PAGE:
Higher Education: Economic Impact

By Caroline Mathews, Trending Writer

Higher education, unequivocally, is a crucial mechanism for driving socioeconomic advancement as well as improving economic mobility within the United States. Furthermore, an increasingly globalized corporate America—as well as the rest of the business sector—require competitively skilled workers. While higher education, financed through a complex public-private market, has become significantly more important over the past decade, it has also raised a great deal of affordability and accessibility concerns.

Posted tuition—not including living costs and not accounting for financial aid—has risen aggressively within the past two decades at both public and private colleges. The College Board acknowledges a price-increase in 2000 that doubles tuition cost from 1980. However, the College Board also reports that net tuition (posted tuition less grants & tax benefits) has increased at a more moderate rate, as financial aid has increasing correspondingly. Student debt has also risen sharply in the United States over the past 20 years and totaled over $1.3 trillion according to an August 2016 economic report by the Council of Economic Advisers. With a rising number of students taking out loans—estimated at about half the student body—the country has questioned whether we are entering a student-debt crisis.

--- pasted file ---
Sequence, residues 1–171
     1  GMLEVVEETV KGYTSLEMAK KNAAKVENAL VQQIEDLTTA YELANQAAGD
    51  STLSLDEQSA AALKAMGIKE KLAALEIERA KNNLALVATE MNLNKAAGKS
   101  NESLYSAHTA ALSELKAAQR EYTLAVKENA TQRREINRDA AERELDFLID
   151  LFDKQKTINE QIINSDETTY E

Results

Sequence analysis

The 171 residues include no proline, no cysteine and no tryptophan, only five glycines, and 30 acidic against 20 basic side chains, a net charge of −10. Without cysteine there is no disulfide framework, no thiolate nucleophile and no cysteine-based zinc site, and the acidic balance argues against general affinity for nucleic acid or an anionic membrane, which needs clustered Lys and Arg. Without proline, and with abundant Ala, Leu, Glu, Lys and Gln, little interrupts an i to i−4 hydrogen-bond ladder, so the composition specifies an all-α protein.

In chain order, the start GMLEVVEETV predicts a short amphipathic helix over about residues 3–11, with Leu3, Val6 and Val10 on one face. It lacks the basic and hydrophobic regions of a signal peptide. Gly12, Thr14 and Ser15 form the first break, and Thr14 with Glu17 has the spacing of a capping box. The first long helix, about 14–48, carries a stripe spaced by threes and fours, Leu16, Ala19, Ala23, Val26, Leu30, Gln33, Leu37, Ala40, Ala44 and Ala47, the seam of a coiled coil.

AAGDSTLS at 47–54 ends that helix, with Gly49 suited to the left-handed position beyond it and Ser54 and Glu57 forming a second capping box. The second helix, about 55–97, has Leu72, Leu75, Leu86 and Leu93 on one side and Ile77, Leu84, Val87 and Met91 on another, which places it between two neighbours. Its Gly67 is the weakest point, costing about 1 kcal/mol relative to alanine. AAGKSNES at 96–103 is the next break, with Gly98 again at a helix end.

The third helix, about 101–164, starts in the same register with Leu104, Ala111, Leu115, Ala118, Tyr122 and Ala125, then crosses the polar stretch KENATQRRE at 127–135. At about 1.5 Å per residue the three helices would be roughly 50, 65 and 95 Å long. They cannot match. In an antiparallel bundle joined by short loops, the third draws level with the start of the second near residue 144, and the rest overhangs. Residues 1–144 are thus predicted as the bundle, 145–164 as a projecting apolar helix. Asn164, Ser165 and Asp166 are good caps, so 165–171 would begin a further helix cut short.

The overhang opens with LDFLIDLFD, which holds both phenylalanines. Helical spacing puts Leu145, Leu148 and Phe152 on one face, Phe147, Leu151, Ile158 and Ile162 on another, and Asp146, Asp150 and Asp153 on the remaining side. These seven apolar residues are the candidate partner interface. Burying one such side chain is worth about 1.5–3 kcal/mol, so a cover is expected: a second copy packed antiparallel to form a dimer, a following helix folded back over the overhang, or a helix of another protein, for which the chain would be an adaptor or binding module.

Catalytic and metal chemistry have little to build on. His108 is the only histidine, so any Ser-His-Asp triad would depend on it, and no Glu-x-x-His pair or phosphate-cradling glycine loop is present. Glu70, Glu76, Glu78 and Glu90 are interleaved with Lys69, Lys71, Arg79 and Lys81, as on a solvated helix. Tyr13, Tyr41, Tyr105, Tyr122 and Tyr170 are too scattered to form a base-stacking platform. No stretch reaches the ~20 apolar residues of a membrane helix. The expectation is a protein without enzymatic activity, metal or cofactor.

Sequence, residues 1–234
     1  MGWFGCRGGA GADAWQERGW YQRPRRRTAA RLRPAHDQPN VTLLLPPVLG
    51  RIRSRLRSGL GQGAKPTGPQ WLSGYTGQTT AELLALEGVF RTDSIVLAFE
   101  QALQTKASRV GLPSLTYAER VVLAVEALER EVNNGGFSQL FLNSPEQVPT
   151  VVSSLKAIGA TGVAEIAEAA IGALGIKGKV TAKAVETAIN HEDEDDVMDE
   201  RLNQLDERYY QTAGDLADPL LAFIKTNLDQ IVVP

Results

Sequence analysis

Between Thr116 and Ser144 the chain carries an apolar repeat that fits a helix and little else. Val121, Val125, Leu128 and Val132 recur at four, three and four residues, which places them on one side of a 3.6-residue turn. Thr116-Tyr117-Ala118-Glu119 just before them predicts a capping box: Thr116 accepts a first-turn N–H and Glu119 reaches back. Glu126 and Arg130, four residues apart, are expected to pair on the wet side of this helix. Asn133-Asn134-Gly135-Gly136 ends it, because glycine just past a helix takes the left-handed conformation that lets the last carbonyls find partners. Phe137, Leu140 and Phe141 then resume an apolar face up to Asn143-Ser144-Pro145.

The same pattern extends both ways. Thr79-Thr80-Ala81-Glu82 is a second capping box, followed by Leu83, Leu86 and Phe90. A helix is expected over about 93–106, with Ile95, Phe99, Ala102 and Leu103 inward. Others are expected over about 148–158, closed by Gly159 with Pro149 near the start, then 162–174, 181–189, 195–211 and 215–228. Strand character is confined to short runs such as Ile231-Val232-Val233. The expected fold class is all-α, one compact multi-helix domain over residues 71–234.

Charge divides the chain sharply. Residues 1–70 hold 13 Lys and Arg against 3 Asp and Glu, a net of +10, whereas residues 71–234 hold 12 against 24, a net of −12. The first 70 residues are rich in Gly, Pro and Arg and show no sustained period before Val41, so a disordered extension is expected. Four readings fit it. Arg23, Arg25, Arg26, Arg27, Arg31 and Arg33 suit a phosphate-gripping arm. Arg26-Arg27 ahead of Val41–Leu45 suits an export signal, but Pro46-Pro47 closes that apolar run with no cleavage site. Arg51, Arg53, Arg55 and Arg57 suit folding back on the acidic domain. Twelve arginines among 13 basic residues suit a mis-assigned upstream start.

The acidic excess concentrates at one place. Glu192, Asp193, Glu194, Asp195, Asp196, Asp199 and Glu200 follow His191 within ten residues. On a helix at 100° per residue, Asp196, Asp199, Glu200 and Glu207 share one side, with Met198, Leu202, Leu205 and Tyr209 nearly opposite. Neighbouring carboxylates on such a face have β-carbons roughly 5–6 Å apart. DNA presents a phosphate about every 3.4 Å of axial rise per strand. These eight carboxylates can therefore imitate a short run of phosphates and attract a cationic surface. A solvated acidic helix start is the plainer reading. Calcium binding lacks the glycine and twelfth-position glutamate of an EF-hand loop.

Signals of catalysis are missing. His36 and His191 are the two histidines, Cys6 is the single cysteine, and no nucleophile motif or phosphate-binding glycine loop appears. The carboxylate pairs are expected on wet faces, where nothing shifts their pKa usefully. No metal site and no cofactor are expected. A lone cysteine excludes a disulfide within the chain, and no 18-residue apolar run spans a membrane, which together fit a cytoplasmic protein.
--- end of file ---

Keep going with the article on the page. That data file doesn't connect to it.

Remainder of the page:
The Department of Education and Department of the Treasury’s 2012 research and data has shown that, on average, student loans provide college graduates with a particularly strong investment. The college “skill premium”—quantified by the wage difference between college and high school graduates—has, like tuition costs, grown steadily over the past decades. It has also been claimed that those with bachelor’s degrees typically earn approximately $500,000 more over their lifetime; student debt accumulations average around $30,000, leaving a $470,000 net profit for borrowers.

The bottom-line? Even when financed by debt, higher education provides net positive for both the economy and the graduate.


A version of this article appeared in the Tuesday, November 21st print edition.

Contact Caroline at



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